“We understand that one of the reasons the decision was delayed was because the Department for Communities and Local Government were keen to ensure it was robust, and not at significant risk of legal challenge. Even were a judicial review to succeed, its effect would only be to make the secretary of state take the decision again – it would not necessarily change the outcome of that decision.”
Javier Peiro, Project Director for UBB, stated: “We are disappointed to learn that Stroud District Council has decided to submit an application to challenge the secretary of state’s decision to grant permission for our application for an energy-from-waste facility at Javelin Park.
“The legal challenge would be against the secretary of state’s decision although Urbaser Balfour Beatty will have the opportunity to assist in defending the case. As such, we await the details of Stroud District Council’s application and we will co-operate fully with the process as required.
“The facility is designed to manage the waste from Gloucestershire’s [approximate] 600,000 residents that is left over after recycling. The secretary of state found our proposals to be in line with the relevant planning policy and Gloucestershire County Council’s Waste Core Strategy. This further delay only increases the environmental and economic cost to Gloucestershire of continuing to landfill.”
Incineration and energy-from-waste project plans are often the source of contention and many projects have been called in for public inquiry in recent years. Indeed, Eric Pickles has previously come under fire for his decisions – with it being made public last week that he had delayed making a decision on the future of a (now abandoned) incineration project in Norfolk, despite receiving a recommendation for the project to go ahead.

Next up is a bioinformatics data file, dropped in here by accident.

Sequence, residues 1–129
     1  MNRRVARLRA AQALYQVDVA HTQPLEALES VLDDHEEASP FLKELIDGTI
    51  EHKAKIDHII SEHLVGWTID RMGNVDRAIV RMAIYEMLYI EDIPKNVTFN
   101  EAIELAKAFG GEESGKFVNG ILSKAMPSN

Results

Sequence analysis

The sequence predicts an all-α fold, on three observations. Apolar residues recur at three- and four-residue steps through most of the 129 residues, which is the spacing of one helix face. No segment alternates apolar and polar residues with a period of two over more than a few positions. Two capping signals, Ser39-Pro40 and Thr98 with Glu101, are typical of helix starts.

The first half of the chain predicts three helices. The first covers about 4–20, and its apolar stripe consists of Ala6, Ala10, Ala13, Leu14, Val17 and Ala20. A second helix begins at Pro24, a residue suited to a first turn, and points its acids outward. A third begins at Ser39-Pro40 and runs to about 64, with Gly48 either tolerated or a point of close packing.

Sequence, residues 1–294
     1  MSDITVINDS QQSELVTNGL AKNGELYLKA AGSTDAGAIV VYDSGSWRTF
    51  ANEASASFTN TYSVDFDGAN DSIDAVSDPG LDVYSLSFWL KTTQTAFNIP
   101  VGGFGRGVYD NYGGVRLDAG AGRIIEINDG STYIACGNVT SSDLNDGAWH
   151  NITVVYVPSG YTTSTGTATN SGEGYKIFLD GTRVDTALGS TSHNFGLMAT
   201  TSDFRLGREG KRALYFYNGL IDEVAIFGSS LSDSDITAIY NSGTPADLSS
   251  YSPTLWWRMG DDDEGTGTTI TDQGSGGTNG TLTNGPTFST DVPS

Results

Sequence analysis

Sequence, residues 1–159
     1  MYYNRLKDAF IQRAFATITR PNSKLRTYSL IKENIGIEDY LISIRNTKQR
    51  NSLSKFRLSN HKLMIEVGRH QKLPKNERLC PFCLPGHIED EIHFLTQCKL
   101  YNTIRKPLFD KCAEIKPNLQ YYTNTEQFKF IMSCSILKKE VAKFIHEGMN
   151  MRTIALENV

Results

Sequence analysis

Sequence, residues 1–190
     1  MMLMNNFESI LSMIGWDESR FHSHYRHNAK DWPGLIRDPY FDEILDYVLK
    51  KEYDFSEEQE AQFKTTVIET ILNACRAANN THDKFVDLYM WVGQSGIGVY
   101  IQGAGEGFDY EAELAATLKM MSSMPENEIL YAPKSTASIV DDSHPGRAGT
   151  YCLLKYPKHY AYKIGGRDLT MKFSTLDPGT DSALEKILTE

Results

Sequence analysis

Calls for county council to cancel contract
In a related development, Gloucestershire County Council is set to meet at an extraordinary council meeting tomorrow morning to vote on whether or not to call on the cabinet to cancel the Javelin Park incinerator contract, despite Pickles’s recommendation for the project to go ahead.
The meeting, initiated by Labour councillors Lesley Williams, Barry Kirby, Tracy Millard, Steve Lydon, and Steve McHale, was called after the councillors noted the ‘widespread public opposition to the building of an incinerator at Javelin Park’, the fact that there are ‘viable alternative waste disposal solutions, such as MBT, available’, and the fact that the cabinet has ‘ignored the widespread opposition to the building of the incinerator’.
As such, the councillors have submitted a motion calling on the cabinet to ‘cancel the incinerator contract with immediate effect’. It has been reported that this could cost ‘between £60 million and £100 million’.
It is thought that the majority of the Labour and Green councillors, along with some Liberal Democrat councillors sitting on the council, will vote for the motion on cost, and health and air pollution grounds. Twenty-seven votes will be needed to pass the motion.
The cabinet is not scheduled to meet again until 15 April.
Find out more about the UBB Javelin Park incinerator.